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Neck Pain and Posture

One of the most common causes of neck pain is poor posture, which can lead to a change in the shape and position of the curve of the neck. When viewed from the side, the neck should have a c-shaped curve (between 40 and 60 degrees).

Poor posture may be caused by the following:

• Daily activities: Routine behaviors such as sitting too long at a desk or behind a computer as well as sleeping in an awkward position may result in unhealthy posture.
• Lifestyle: Issues with obesity, or weak abdominal muscles, can disrupt the spine’s balance and cause postural issues. However, even healthy activities such as gardening or tennis have the potential to cause problems.
• Aging: Age related disorders such as osteoarthritis, spinal stenosis, and degenerative disc disease directly affect the cervical spine.
• Injury and Accidents: Whiplash is the sudden forced movement of the head or neck in any direction and the resulting rebound of the head or neck in the opposite direction. The abrupt whipping motion causes injury to the surrounding and supporting tissues of the neck and head.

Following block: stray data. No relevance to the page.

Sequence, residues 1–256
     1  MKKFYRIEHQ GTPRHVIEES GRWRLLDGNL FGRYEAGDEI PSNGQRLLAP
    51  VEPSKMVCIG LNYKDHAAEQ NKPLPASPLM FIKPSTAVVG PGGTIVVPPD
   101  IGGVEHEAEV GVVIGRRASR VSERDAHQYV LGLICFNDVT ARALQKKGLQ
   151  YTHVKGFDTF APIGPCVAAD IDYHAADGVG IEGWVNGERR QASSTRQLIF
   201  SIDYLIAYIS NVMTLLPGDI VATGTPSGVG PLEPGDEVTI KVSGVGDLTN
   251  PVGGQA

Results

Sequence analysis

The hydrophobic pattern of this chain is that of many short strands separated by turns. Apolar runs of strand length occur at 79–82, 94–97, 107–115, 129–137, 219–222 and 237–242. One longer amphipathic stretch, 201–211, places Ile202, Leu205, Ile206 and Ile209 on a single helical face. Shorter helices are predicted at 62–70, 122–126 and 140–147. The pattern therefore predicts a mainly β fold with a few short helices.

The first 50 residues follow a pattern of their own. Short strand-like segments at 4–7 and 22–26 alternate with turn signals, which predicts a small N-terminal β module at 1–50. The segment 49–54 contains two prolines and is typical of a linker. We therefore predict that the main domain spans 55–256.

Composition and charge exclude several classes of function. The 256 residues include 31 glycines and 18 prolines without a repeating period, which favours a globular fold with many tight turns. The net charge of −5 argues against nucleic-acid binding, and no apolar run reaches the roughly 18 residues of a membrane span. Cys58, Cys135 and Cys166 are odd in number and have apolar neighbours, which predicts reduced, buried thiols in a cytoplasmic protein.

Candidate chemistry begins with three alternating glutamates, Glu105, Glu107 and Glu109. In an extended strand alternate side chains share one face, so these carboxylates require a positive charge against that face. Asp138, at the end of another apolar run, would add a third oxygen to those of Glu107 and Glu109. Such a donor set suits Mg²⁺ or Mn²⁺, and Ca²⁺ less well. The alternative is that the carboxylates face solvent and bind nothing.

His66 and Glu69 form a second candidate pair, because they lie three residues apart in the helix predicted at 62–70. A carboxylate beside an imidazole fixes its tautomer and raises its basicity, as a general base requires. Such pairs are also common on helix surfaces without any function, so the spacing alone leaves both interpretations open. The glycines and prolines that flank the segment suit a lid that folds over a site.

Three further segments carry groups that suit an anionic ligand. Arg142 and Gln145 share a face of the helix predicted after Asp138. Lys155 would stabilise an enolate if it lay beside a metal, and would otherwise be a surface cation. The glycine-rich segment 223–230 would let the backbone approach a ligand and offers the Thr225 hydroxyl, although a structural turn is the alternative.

Poor posture most commonly leads to a loss or even a reversal in the normal curvature of the neck. It often results in a forward head position. For every inch that the head moves forward in posture, the weight of the head on the neck increases exponentially by ten pounds. For example, a forward neck posture of three inches increases the weight of the head by thirty pounds (the average human head is ten pounds), and the pressure placed on the muscles of the neck increases six times.

When the spine is misaligned (subluxated), normal movement is altered, and inflammation is the result. Poor posture places abnormal stress on bones, which are then forced to remodel in order to accommodate this new pressure. This action spurs osteoblast cells in the bone to activate more growth, which presents as bone spurs and initiates an inflammatory response. Over time, this condition can lead to arthritis.